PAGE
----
The Cadmus Project, a sometimes morally bankrupt genetics lab, laid claim to Doomsday’s body. But when the Cyborg Superman arrived on the scene, he broke into Cadmus and took the body. His claim was that Doomsday should no longer be Earth’s problem. So he strapped Doomsday’s corpse to an asteroid then sent it off floating through deep space. But not before fitting Doomsday with a small device that would eventually be used to house the Cyborg’s consciousness. It was his back up plan in case the whole WarWorld thing didn’t work out.
Sometime after Superman’s resurrection, he decided to go after Doomsday, concerned that the creature was still a threat. In the follow-up story Superman/Doomsday: Hunter/Prey, it’s discovered that Doomsday wound up on Apokolips, the home planet of Darkseid, who is probably the biggest bad in the DC Universe.
Now, it’s been a while since I read through that storyline, so I’m unsure of where everything fits in with the timing. But at some point, Superman seeks the aid of a character known as Waverider, who has the ability to see into the past or potential futures of individuals. Through Waverider, we learn Doomsday’s tragic origin story. Not that we’re meant to feel bad for Doomsday…
On a desolate planet, a team of scientists is working to create the perfect being that will be immune to everything that could cause it harm. They grow an infant in the lab then send it out to the planet to be destroyed. Then they gather the genetic material and clone the next generation from there. This cycle continues for decades. Until finally the creature Doomsday is what remains.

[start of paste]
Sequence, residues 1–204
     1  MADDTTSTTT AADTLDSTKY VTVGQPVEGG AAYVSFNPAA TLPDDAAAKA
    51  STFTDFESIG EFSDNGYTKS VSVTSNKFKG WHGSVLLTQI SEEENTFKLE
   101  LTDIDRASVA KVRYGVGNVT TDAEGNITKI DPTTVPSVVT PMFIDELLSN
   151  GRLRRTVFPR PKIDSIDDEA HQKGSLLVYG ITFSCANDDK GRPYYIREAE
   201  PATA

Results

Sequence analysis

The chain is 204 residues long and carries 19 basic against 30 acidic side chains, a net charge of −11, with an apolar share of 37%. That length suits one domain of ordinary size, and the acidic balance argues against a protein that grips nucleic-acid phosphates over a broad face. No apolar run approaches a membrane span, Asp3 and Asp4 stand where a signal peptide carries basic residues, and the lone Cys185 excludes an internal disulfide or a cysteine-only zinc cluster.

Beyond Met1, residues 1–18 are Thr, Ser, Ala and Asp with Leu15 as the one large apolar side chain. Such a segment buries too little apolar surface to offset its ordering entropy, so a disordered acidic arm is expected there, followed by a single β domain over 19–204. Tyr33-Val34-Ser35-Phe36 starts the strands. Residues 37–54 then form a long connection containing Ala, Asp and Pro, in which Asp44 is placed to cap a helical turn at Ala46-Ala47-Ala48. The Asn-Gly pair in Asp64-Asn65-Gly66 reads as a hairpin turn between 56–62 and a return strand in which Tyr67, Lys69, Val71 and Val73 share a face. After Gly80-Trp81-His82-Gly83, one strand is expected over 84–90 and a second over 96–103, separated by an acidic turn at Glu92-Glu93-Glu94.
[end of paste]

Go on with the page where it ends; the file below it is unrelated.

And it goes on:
Once Doomsday has reached the peak of the scientists’ ideal conditions, he destroys every living thing on that planet, including the team of scientists. Eventually he hitches a ride into space and winds up somewhere that has a super powered being that is easily able to “kill” the monster. They give Doomsday a traditional burial, but also place him in a vault that is then shot into space.
That vault eventually lands in what would one day be the American Midwest. And the rest is history. Oh, and Doomsday’s origin planet? Just happened to be a prehistoric Krypton, Superman’s home world.
Doomsday has appeared again and again since his debut in 1992. Though I really can’t tell you what all of those appearances entail. I’m pretty sure he only killed Superman that one time.
The creature has also shown up a number of times in animation and also appeared (sort of) on Smallville as well as the aforementioned Batman v. Superman. But none of those adaptations of the character have matched what was created for that Death of Superman storyline in the comics.
In a lot of ways, it was a lot more terrifying in those earlier issues, not knowing who or what Doomsday really was. He was just a mindless creature bent on destroying everything in sight. And nothing could stop him. It was a scary thing to read as a kid.
Are you familiar with Doomsday? If so, what did I leave out? Let me know what you think about this character down in the comments! Even if you only know Doomsday from the version we got on the big screen.